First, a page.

The built-in React Native
<Image /> component is feature-rich and provides many ways to improve page-load times. But keeping up with the best practices for responsive images requires spending lots of engineering hours making things just right.
Integrating imgix into your React Native workflow allows you to take advantage of the
<Image /> component's features while spending little time doing it.
Let's run through an example of how we can leverage imgix to speed up our app. At the end we'll have an image component that can:
- Resize an image automatically to fit the device dimensions
- Update image resolution automatically to match the device DPR
- "Blur-up" from an low-quality image placeholder (LQIP) to better serve low bandwidth users
Try toggling the Expo preview to see how the image loads at each step.
To integrate imgix into our application, we first need to create an account and upload our first image. Once we're set up, we can render our imgix image using the React Native (RN)
<Image /> component.
We'll start by setting our image URL as the
source URI on the Image component. We must also add a
height and some styles to our
<Image />. Otherwise, React Native won't know what size to render the image as.
Now we have an imgix image rendering in our App!
What if our user has a slow connection and we want to display something as it loads? Let's go ahead and add a background color to our image. This will give the user a sense of the dimensions of the image they're about to see as it loads.
Let's move on and start using imgix's Rendering API and
@imgix/js-core library to optimize our images, so they load fast. First, we need to install the package.
Then, we need to instantiate the client in our component. This will let us make use of its URL-building functions later.
Now, we can use it to resize the image to match our desired height. Our designers want a
950 px tall image for this page. We can pass this as an imgix rendering API parameter to the
Now our image will be automatically resized to match our set height value.
Still, we can do much better. Let's have the image automatically size itself to the window it's displayed in. This way, the image will be the right size on every device. We'll use React Native's
useWindowDimensions module to get the current window's dimensions.
Now that we can measure the device's dimensions, why not crop the image to match the device's height and width? This saves us lots of bytes and loads our image even faster. We can do this using the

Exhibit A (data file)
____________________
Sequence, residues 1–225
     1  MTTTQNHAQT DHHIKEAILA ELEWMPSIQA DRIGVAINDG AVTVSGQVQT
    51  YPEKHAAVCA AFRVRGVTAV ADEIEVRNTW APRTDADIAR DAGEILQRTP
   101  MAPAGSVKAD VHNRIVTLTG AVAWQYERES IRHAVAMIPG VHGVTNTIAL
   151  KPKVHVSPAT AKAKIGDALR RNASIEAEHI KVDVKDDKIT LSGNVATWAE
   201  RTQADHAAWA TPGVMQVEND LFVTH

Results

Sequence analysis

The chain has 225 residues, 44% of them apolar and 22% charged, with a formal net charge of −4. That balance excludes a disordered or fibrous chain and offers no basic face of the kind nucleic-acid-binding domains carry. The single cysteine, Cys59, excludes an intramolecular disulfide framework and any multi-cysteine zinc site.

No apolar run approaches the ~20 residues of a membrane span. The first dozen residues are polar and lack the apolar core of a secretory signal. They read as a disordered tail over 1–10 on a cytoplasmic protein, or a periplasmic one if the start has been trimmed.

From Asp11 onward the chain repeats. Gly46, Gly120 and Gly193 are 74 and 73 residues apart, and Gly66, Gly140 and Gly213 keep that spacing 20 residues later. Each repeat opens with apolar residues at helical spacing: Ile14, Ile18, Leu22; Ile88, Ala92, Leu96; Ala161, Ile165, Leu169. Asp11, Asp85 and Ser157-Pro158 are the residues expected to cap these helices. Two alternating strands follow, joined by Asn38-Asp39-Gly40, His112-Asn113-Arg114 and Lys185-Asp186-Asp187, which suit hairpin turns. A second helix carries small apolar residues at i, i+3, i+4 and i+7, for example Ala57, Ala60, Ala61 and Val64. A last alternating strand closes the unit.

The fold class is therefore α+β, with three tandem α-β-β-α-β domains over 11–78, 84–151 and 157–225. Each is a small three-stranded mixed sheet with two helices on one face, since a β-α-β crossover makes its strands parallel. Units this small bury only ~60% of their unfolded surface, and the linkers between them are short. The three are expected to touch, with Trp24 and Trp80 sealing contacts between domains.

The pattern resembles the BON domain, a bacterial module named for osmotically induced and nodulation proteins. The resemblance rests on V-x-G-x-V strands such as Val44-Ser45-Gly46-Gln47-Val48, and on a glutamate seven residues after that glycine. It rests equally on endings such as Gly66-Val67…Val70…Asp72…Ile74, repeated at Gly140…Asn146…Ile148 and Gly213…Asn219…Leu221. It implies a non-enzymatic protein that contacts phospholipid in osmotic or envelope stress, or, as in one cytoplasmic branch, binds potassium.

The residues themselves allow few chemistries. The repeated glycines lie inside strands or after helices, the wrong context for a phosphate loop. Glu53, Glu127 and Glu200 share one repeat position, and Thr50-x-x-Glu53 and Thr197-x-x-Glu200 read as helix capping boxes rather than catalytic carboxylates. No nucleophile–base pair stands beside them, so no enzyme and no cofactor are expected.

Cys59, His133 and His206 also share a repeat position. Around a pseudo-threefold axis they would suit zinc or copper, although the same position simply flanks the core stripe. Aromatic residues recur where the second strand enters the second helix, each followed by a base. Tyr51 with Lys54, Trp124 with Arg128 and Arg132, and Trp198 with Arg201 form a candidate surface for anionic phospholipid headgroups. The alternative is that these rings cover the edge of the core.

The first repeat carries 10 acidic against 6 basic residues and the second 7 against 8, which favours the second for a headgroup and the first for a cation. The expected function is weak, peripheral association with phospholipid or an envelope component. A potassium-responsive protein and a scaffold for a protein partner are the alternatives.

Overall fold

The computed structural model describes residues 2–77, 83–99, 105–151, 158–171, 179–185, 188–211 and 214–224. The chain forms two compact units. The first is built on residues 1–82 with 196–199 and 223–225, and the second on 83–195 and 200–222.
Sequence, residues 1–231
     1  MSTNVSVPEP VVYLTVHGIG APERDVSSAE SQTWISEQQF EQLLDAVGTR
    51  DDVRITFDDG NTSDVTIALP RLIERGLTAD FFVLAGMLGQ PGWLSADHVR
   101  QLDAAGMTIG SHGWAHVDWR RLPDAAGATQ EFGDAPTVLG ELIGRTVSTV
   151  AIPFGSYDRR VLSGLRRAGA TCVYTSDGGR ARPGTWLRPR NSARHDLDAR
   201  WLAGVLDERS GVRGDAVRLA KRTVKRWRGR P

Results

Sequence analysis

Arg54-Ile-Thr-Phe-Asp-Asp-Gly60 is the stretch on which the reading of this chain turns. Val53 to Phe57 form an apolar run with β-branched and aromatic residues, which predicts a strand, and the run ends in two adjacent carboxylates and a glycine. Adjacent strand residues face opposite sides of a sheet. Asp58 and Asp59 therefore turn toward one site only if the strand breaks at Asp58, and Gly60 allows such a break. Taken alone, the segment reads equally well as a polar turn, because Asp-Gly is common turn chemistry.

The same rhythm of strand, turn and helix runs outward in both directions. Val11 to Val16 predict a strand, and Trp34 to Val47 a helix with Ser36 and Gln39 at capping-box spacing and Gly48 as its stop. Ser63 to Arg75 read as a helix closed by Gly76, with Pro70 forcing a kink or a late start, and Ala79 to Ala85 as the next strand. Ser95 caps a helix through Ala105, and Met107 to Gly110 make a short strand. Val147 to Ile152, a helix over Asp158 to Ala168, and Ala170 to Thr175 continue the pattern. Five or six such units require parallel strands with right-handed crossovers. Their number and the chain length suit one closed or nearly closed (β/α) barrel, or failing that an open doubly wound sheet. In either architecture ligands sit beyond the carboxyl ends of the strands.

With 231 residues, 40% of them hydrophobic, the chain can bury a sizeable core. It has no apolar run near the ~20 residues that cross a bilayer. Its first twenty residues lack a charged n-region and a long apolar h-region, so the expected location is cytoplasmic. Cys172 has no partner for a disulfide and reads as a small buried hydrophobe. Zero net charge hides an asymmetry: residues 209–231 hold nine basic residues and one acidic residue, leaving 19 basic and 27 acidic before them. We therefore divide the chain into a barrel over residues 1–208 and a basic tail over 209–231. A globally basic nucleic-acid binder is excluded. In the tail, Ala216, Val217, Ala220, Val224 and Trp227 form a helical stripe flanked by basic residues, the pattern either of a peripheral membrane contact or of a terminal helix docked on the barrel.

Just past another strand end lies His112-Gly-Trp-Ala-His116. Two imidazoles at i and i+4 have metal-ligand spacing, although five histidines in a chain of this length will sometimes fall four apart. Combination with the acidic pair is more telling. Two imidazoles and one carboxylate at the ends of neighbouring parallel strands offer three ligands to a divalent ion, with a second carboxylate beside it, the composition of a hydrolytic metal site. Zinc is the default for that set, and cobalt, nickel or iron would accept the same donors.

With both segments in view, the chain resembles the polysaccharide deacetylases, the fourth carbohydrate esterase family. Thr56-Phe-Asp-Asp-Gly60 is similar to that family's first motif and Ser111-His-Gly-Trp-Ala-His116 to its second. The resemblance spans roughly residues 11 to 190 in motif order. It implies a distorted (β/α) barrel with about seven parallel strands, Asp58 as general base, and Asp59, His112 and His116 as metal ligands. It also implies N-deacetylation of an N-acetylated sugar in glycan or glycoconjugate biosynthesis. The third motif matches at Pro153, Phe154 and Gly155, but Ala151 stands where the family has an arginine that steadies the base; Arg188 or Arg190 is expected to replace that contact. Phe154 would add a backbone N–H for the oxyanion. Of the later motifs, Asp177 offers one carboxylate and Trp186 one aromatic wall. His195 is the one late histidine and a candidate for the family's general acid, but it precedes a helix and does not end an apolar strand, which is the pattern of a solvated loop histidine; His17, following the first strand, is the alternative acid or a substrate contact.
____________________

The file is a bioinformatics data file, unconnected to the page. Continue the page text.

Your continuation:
fit: crop imgix rendering API parameter.
The image is resized and cropped to fit just right on any device automatically.
We still haven't accounted for one of the hardest things about working with images on mobile devices; device pixel ratio (DPR).
Mobile devices vary significantly in screen resolution, and images that look great on one can look terrible on the other if you fail to account for the differences in DPR.
Some developers try to get around this by compressing their images to fit the device resolution they plan to ship on. And their images look great until Apple or Google comes out with a new phone size or screen resolution that makes the images look terrible.
Our image will always be rendered with the correct DPR, ensuring it looks great on low- or high-resolution screens. The drawback here is that our image will be pretty heavy on high-resolution devices. A slower connection could lead to long load times and a "flash" of content.
We can get around this issue by storing two versions of this image, an LQIP and the full-resolution image. We will first load the LQIP and then load the full-resolution image once it's ready.
To do this, we'll create a low-resolution version of the image by setting the
h imgix parameters to be 1/4 of the full-size image width and height. We'll also add a
blur parameter so that the image doesn't look pixelated.
Note: the imgix rendering API has a
blurhashparameter. It yields a hash that can be used with a library like
react-native-blurhash. This is can be more performant but is incompatible with Expo Snacks.
Then we add the
lqipUri as the
source for our placeholder image.
Finally, we use some styling to absolutely position the images so that they render over one another.
Our low-resolution image will now render while our full-resolution image is still being requested.
But the transition is a little jarring. Let's add some animations to smoothly fade in from one image to the next, or "blur-up".
To do this, we'll use the React Native
Animated component and React's
useRef hook. We create a reference to the component's initial "transparent" state, and then, once the image has loaded,
onLoad , triggers a transition to a full opacity state.
Our image is looking great! Using imgix, our image now:
- resizes automatically to fit the device dimensions
- updates automatically to match the device DPR
- "blurs-up" to better serve low bandwidth users
The only thing left to do is clean things up and refactor our implementation into its own component,
We can now re-use this component across our application and take advantage of the imgix rendering API anywhere.
Using imgix with React Native is simple, reliable, and dynamic. It's an ideal solution for those who work with many images and want those images delivered in the appropriate format and size for all devices where they ship their app.
- js-core library: Check out the official docs for the
Responsive imagery is a rapidly-changing area of implementation, and different methods are applicable to different use cases. Here are our other tutorials that touch on aspects of responsive design.